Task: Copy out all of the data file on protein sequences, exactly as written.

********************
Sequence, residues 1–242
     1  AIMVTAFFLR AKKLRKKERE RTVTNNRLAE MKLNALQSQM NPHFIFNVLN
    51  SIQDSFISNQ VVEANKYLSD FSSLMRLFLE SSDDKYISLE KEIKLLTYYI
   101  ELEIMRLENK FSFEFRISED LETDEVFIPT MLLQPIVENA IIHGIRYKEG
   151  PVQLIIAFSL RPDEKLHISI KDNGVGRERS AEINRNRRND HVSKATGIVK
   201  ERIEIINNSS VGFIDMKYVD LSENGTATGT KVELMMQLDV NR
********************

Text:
Sequence, residues 1–242
     1  AIMVTAFFLR AKKLRKKERE RTVTNNRLAE MKLNALQSQM NPHFIFNVLN
    51  SIQDSFISNQ VVEANKYLSD FSSLMRLFLE SSDDKYISLE KEIKLLTYYI
   101  ELEIMRLENK FSFEFRISED LETDEVFIPT MLLQPIVENA IIHGIRYKEG
   151  PVQLIIAFSL RPDEKLHISI KDNGVGRERS AEINRNRRND HVSKATGIVK
   201  ERIEIINNSS VGFIDMKYVD LSENGTATGT KVELMMQLDV NR